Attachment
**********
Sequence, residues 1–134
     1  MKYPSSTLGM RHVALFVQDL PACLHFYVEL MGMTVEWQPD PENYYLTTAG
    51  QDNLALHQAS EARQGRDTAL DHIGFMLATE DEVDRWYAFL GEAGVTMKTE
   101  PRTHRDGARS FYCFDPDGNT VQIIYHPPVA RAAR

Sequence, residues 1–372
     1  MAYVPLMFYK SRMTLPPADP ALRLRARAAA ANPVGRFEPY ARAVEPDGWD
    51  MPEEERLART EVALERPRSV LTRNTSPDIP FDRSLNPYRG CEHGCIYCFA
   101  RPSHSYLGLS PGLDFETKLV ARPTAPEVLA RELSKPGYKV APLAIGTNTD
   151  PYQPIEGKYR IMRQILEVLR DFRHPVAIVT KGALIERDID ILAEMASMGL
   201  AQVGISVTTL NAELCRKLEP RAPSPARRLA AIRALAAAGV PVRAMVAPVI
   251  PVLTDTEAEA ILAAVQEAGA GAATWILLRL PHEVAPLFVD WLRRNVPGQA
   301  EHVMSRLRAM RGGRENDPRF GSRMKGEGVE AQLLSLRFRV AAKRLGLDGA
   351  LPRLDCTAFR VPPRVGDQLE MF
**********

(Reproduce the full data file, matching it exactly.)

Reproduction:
Sequence, residues 1–134
     1  MKYPSSTLGM RHVALFVQDL PACLHFYVEL MGMTVEWQPD PENYYLTTAG
    51  QDNLALHQAS EARQGRDTAL DHIGFMLATE DEVDRWYAFL GEAGVTMKTE
   101  PRTHRDGARS FYCFDPDGNT VQIIYHPPVA RAAR

Sequence, residues 1–372
     1  MAYVPLMFYK SRMTLPPADP ALRLRARAAA ANPVGRFEPY ARAVEPDGWD
    51  MPEEERLART EVALERPRSV LTRNTSPDIP FDRSLNPYRG CEHGCIYCFA
   101  RPSHSYLGLS PGLDFETKLV ARPTAPEVLA RELSKPGYKV APLAIGTNTD
   151  PYQPIEGKYR IMRQILEVLR DFRHPVAIVT KGALIERDID ILAEMASMGL
   201  AQVGISVTTL NAELCRKLEP RAPSPARRLA AIRALAAAGV PVRAMVAPVI
   251  PVLTDTEAEA ILAAVQEAGA GAATWILLRL PHEVAPLFVD WLRRNVPGQA
   301  EHVMSRLRAM RGGRENDPRF GSRMKGEGVE AQLLSLRFRV AAKRLGLDGA
   351  LPRLDCTAFR VPPRVGDQLE MF